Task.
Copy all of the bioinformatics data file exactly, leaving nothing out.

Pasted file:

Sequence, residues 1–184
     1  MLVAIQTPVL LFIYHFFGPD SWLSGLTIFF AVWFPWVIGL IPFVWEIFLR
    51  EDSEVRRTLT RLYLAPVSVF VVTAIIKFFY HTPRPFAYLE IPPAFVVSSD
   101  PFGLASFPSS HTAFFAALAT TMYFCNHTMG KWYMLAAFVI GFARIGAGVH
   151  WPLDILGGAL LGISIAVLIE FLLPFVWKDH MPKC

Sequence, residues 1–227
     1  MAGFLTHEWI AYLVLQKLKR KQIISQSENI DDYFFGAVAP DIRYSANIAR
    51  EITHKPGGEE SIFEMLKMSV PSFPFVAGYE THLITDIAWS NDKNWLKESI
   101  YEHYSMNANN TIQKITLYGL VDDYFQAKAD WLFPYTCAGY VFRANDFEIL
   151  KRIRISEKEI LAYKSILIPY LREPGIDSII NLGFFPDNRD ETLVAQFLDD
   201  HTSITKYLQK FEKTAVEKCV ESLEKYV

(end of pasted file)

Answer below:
Sequence, residues 1–184
     1  MLVAIQTPVL LFIYHFFGPD SWLSGLTIFF AVWFPWVIGL IPFVWEIFLR
    51  EDSEVRRTLT RLYLAPVSVF VVTAIIKFFY HTPRPFAYLE IPPAFVVSSD
   101  PFGLASFPSS HTAFFAALAT TMYFCNHTMG KWYMLAAFVI GFARIGAGVH
   151  WPLDILGGAL LGISIAVLIE FLLPFVWKDH MPKC

Sequence, residues 1–227
     1  MAGFLTHEWI AYLVLQKLKR KQIISQSENI DDYFFGAVAP DIRYSANIAR
    51  EITHKPGGEE SIFEMLKMSV PSFPFVAGYE THLITDIAWS NDKNWLKESI
   101  YEHYSMNANN TIQKITLYGL VDDYFQAKAD WLFPYTCAGY VFRANDFEIL
   151  KRIRISEKEI LAYKSILIPY LREPGIDSII NLGFFPDNRD ETLVAQFLDD
   201  HTSITKYLQK FEKTAVEKCV ESLEKYV